LA-based solo artist Antoine Diligent explains his persistence to create

Antoine Diligent is Anthony Polcino, a Los Angeles-based musician and New Jersey native who has spent the last several years touring and creating with others, now taking space for himself. Antoine Diligent creates soundscapes for listeners to envision dystopian urban environments. Punchy, harmonized guitar riffs and otherworldly synthesizers swirl and reverberate around Polcino’s sometimes low-key croon, with his explicit psych-pop tendencies destined to satisfy longtime fans of Tame Impala, Unknown Mortal Orchestra, and Temples. 

Polcino just released “Get In On It”, his newest release and second single from the sophomore album, La Forma. Spacey and delicately shrieking accents lead into Polcino’s honest and simply put lyricism. 

“It’s pretty straight forward… in the age of ‘FOMO’ being an actual thing, it’s not only about missing out on an event happening elsewhere, but also the embodiment of a mood… allowing yourself to feel the way you want to, and be open about it. We all have our own chains that we secretly kind of like being bound to whether we know it or not.”

We talked with the artist about this catchy confessional, his focused creative era and about what’s next to come.

KALTBLUT: What inspired you to create through this solo project, Antoine Diligent?

Antoine Diligent: I’ve always had a necessity to be working on something for as long as I’ve been seriously involved in writing and recording my own music, which at this point is the better part of nearly twenty years.  Bands come and go for various reasons beyond people’s (and my) control. At a certain point the only thing I felt I could truly maintain was a project that simply depended on me being alive for it to carry on. If nothing else seems to be working out, I’ll naturally go my own way.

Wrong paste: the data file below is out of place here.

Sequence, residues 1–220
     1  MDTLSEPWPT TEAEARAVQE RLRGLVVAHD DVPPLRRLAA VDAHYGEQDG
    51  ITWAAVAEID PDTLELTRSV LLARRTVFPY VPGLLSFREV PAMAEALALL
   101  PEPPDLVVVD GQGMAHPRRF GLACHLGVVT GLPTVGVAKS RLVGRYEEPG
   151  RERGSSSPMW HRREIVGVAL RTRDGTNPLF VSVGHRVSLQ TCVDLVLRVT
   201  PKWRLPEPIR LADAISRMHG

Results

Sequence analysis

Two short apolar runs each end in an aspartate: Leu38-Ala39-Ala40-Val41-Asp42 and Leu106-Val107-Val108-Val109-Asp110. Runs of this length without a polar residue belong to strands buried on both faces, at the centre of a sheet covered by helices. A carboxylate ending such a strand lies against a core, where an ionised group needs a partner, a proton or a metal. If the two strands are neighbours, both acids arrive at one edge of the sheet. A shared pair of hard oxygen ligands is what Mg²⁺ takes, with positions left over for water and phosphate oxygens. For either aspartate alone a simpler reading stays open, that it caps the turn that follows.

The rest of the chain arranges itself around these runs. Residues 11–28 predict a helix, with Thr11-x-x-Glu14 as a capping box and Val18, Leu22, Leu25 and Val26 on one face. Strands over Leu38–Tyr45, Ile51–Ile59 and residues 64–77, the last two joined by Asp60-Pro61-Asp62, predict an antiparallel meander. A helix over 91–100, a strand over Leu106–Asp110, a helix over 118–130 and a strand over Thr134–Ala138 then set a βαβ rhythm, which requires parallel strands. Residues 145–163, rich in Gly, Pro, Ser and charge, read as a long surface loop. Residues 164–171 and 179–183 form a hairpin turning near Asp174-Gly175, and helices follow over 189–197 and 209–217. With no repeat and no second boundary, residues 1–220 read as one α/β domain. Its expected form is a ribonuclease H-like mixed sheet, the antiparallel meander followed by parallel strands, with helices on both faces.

“Antoine Diligent” was a pseudonym I had in my back pocket since the days I was in Beat Club (2012-15).  I’ve been a musician in Los Angeles for more than twelve years, and, during that time, toured the United States and the UK repeatedly in venues varying in capacity sizes from fifty to five thousand, been a hired gun, a friend who plays for free, a stand-in, a stand-by, a songwriter, an engineer, a dive bar DJ, on late night tv shows, in magazines, signed, and dropped.  I’ve released a mélange of music in an array of projects as a co-founder, a band leader, a background nobody and a solo artist (also a busboy, food runner, room service attendee, dental office assistant, clothing retail sales associate, and most recently, medicinal cannabis delivery driver).  

In the midst of all this, I never felt any lack of inspiration or lost the will to create and most importantly– finish things.  I considered myself a diligent pupil of not only the art, but of the adaptability to the events of life itself. I proclaimed myself “Anthony the Diligent!” haha.  I had stayed the course, whenever that course was visible. “Antoine Diligent” just sounded more… distinguished. Once I allowed myself to accept the name, I had the freedom to do anything under it. It helped me shed a lot of inhibitions I had musically and stylistically.